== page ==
Adrenalectomy is the removal of one or both adrenal glands. There is one gland on top of each kidney. The adrenal glands make several hormones, including cortisol, aldosterone, and sex steroids.
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Your adrenal gland may be removed if you have any of the following: Adrenal cancer
Diseases of the adrenal gland, causing it to make too much of a hormone (eg,
excess cortisol—Cushing's syndrome, excess aldosterone—Conn’s syndrome, or excess adrenaline—Pheochromocytoma)
A large adrenal massAn adrenal mass that cannot be identified with a needle biopsy
Complications from having an adrenalectomy may include:
Insufficient cortisol productionDecreases in blood pressureBleedingInfections in the wound, urinary tract, or lungsBlood clots in the legsInjury to nearby organs or structuresAdverse reaction to anesthesia
Factors that may increase the risk of complications include:
Be sure to discuss these risks with your doctor before the surgery.
Age: 60 or olderObesityLong-standing cortisol excessSmokingPoor nutritionRecent or chronic illnessHeart or lung problemsAlcoholismUse of certain medicines (eg, blood pressure pills, muscle relaxants, tranquilizers, sleeping pills, insulin, steroids, sedatives, or hypnotic agents)Use of street drugs (eg, LSD, hallucinogens, marijuana, or cocaine)
Your doctor will likely do some or all of the following:
Physical examBlood testsUrine testsAbdominal ultrasound—A test that uses sound waves to find specific places in the abdomen
Computed tomography (CT) scan of the abdomen—A type of x-ray that uses a computer to make pictures of the kidneys and/or adrenal glands
Magnetic resonance imaging (MRI) scan—A test that uses magnetic waves to make pictures of the kidneys and/or adrenal glands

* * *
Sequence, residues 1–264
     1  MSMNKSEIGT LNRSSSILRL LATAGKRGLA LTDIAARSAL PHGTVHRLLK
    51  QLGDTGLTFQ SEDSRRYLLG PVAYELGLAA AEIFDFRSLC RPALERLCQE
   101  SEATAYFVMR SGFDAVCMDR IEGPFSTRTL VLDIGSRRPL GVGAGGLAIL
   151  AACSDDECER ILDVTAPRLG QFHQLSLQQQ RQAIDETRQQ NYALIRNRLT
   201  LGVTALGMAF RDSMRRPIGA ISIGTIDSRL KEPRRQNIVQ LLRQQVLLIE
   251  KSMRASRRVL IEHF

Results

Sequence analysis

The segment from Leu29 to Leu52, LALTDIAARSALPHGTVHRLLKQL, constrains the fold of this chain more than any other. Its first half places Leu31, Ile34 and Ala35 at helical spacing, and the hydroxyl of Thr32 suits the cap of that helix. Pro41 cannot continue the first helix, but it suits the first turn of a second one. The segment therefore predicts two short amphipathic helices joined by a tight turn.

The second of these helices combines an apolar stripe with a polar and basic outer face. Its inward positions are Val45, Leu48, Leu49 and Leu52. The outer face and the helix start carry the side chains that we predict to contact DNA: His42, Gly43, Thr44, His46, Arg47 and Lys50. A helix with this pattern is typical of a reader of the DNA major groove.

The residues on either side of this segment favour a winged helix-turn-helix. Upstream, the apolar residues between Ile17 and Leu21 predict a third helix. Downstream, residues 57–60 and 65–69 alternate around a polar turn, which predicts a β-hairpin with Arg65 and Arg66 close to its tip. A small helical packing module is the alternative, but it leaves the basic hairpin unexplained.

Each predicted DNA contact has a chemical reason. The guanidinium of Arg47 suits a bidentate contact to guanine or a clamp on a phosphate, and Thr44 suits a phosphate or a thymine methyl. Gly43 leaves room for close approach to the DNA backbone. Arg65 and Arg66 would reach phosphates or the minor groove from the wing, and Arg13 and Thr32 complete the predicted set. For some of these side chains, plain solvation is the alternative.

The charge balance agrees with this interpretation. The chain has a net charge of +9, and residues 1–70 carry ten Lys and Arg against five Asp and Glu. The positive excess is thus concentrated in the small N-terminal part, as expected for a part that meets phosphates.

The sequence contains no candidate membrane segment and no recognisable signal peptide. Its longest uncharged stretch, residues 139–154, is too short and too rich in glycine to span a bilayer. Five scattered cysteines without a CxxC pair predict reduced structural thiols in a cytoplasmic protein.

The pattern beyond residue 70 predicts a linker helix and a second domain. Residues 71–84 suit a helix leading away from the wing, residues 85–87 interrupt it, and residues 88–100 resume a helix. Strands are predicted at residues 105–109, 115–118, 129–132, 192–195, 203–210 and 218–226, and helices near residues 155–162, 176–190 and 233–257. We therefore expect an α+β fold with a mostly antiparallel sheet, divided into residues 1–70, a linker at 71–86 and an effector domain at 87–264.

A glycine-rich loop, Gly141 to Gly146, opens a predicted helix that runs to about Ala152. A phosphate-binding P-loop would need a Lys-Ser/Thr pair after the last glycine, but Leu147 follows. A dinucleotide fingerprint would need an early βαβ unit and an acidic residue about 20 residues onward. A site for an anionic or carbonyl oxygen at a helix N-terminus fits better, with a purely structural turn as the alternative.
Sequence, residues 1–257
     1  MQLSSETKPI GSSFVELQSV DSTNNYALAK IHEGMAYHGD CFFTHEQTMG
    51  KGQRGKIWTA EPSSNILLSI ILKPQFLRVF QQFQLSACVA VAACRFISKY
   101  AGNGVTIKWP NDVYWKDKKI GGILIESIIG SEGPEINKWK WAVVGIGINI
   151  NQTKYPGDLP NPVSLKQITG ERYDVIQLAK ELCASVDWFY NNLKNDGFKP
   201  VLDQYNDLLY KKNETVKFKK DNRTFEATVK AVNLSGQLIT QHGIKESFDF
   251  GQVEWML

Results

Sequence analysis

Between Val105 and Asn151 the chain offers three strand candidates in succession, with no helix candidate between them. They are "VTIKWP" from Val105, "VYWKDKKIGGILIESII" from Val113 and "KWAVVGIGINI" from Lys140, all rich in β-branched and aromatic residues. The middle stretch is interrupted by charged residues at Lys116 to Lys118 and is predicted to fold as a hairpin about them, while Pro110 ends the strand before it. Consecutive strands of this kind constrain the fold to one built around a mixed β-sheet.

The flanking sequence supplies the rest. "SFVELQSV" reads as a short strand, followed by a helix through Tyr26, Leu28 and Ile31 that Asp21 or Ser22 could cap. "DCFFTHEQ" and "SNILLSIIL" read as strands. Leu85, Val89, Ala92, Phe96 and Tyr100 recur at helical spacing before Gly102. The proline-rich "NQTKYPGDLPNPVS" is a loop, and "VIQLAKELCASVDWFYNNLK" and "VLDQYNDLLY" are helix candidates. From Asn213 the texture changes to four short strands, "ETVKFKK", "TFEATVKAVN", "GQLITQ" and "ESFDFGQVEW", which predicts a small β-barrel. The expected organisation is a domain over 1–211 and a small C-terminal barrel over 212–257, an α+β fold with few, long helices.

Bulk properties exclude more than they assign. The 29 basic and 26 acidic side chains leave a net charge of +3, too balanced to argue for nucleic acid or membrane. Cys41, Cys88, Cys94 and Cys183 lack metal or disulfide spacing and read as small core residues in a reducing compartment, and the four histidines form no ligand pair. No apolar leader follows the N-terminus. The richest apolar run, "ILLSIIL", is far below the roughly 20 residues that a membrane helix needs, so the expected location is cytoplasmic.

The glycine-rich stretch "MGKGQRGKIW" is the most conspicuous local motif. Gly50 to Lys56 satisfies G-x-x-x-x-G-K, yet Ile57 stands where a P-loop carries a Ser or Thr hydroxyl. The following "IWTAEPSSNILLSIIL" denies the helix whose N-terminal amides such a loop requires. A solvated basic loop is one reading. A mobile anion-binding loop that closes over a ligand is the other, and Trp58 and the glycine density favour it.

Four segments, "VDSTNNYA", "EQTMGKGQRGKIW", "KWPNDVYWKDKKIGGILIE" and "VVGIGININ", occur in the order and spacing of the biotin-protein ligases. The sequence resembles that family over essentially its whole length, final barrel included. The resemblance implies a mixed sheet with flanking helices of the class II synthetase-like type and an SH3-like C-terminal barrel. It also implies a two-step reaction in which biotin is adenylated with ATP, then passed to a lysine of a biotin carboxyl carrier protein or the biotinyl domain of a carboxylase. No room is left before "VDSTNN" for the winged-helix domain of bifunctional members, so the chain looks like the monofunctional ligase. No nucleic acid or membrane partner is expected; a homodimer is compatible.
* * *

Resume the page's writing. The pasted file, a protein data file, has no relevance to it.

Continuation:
of the head—To examine the pituitary gland (this gland controls the adrenal glands)
Nuclear scan (MIBG or NP-59)—A test in which a small amount of radioactive material is injected and pictures are taken of the inside of the body to determine if the tumor is cancerousGive certain medicines to determine why the adrenal gland is not working correctly
Let your doctor know which medicines you are taking. You may be asked to stop taking or adjust the dose of certain medicines, such as:
or other anti-inflammatory drugs (may need to stop up to one week before)
Blood-thinning medicines such as
In the days leading up to your procedure:
Arrange for a ride to and from the procedure.Arrange for help at home after the procedure.The night before, eat a light meal. Do not eat or drink anything after midnight.You may be given laxatives and/or an enema. These will clean out your intestines.
Your doctors may need to admit you to the hospital before your planned procedure if your blood pressure has not been well-controlled with medicines. This will allow more aggressive treatment to stabilize your blood pressure. It will also ensure that you have enough fluid in your body to prevent blood pressure problems after the surgery is done.
You will likely be given IV fluids, antibiotics, and steroid medicines.
Large masses are usually removed from the front of your abdomen. This is done so that the mass can be easily removed. The rest of your abdomen can also be examined.
An incision will be made just under your rib cage or in your abdomen. The adrenal gland will be carefully separated from the kidney. The gland will then be removed through the incision. The incision will be closed with either stitches or staples. It will be covered with a sterile dressing.